No major outages were reported during the Cyber 5 period, but big-name retailers such as Petsmart and Restoration Hardware suffered from slow loading websites. Barnes & Noble had the best-performing site on Thanksgiving, Black Friday and Cyber Monday.

Website performance problems are annoying for shoppers and risky for ecommerce retailers. That’s particularly true during the Cyber 5 period from Thanksgiving through Cyber Monday.

Online retailers can receive a spike in traffic as much as 10-times their normal levels during the Cyber 5, according to Lance Ullom, CEO of web performance vendor Blue Triangle.

Ecommerce sites must be able to handle that increased volume because each second of delay — whether from a website crash or an extremely slow-loading site — can bring sales and transactions to a standstill. This can mean millions of dollars in lost revenue during peak traffic.

“Every retailer’s competitor is a click away,” Ullom says. “When a shopper experiences outages and crashes, the retailer will lose that customer. In the past, retailers competed on price and convenience. But with everyone forced to shop online thanks to the pandemic, the game has changed. Consumer trust and loyalty is now driven by delivering a frictionless digital experience.”

Data from this year’s Cyber 5 period show that many retailers’ websites performed less than perfectly. The slowest-loading site among major retailers on Thanksgiving, Black Friday and Cyber Monday was, according to Blue Triangle. PetSmart Inc. ranks No. 132 in the Digital Commerce 360 Top 1000.


Blue Triangle bases its website performance ranking on metrics such as Largest Contentful Paint (LCP), which measures the time a website takes to show a user the largest content on the screen, complete and ready for interaction. According to Google’s Core Web Vitals Team, an LCP of 2.5 seconds or faster is considered good. An LCP between 2.5 and 4.0 seconds needs improvement, and greater than 4.0 seconds is considered poor.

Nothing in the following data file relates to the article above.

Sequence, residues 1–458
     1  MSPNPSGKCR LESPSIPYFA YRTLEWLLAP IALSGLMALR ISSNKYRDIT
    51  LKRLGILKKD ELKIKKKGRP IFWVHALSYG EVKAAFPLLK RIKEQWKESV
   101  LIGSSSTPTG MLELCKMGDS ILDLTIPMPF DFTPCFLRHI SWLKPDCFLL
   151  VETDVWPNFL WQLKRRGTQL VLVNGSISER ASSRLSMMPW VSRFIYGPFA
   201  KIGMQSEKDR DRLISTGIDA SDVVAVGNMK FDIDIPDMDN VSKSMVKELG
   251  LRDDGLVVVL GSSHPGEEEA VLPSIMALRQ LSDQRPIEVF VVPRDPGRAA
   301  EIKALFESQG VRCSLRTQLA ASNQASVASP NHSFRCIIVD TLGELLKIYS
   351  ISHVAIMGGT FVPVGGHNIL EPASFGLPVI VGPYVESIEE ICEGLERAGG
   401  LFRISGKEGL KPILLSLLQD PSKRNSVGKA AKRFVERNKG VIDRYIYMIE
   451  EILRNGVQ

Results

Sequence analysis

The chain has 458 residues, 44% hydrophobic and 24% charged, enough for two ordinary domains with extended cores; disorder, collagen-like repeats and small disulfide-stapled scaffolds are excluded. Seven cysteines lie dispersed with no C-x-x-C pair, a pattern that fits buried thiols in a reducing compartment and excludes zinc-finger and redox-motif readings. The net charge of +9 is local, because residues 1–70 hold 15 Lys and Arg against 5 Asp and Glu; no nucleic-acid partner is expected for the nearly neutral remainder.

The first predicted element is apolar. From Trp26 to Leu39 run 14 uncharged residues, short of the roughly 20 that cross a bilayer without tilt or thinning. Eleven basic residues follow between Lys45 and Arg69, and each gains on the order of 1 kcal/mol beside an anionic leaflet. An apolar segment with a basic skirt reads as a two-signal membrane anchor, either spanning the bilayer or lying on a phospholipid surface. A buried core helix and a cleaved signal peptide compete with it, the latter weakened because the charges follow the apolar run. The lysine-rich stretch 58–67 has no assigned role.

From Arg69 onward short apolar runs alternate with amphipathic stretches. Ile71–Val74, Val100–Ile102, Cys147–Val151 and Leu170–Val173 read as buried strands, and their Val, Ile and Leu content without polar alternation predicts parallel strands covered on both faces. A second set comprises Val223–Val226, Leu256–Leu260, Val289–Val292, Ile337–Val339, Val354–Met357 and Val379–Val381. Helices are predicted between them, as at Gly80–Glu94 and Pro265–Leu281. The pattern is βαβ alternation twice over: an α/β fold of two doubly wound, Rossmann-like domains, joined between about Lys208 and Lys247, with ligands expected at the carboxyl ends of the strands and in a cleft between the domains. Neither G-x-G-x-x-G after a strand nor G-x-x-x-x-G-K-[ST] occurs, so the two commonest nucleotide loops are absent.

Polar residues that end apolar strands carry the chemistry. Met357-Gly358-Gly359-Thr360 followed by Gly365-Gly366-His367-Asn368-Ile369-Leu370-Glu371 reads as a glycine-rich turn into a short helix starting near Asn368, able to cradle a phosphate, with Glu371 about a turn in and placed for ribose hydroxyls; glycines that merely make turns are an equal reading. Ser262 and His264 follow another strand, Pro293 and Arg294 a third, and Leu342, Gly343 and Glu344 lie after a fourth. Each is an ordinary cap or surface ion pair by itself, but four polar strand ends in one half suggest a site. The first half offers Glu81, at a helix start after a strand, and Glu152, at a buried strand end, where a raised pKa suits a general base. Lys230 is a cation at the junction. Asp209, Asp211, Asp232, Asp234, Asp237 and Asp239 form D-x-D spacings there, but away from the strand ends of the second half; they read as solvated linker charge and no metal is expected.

PetSmart’s website had an LCP of 13.86 seconds on Thanksgiving, 13.84 seconds on Black Friday, and 13.40 on Cyber Monday.

Pet Smart did not immediately respond to a request for comment.

While many sites ran slowly, there were no major website outages during the Cyber 5 period this year. That’s a dramatic change from last year.


Bob Buffone, founder and chief technology officer at web performance vendor Yottaa, said this year’s relatively good performance among retailers can be traced to shoppers visiting ecommerce sites before the Cyber 5 period.

“The big surprise this year was that year-over-year peak online traffic levels dropped on both Black Friday (down 14%) and Cyber Monday (down 23%), likely due to online promotions starting way before the Cyber 5 and the return of heavier in-store shopping,” Buffone said.

The best performer during the Cyber 5 period according to Blue Triangle was, owned by Barnes & Noble Booksellers Inc., ranked No. 109 in the Top 1000. had an LCP of 0.2 seconds on Thanksgiving, 0.23 seconds on Black Friday, and 0.2 seconds on Cyber Monday.


Bots cause website performance problems

Niels Henrik Sodemann, co-founder and CEO of Queue-it, says many of the problems ecommerce websites faced this year can be traced to one thing.

“Bots. Period. Bot traffic has been increasing exponentially, and it now makes up 29.5% of all traffic to retail sites,” Sodemann said. “This adds to the load retailers have to cope with on major sales days. Our research indicates that more than 30% of the traffic on Black Friday and Cyber Monday was not the result of legitimate shoppers but by bots built to snatch up inventory.”

Queue-it offers virtual waiting rooms to retailers as a way to keep a website from crashing. When a site gets too busy, shoppers can be placed in the waiting room until the site can accommodate them.

Sodemann declined to say which of Queue-it’s retail customers faced bot attacks or other website performance issues during the Cyber 5 period. However, he did say, “there were a number of issues among big-box retailers, and limited product launches, specifically in the fashion and apparel space, exacerbated some of those issues.”


Queue-it data suggests that, on average, items bots purchased during the holiday shopping rush are then resold at a 75% to 100% price increase.


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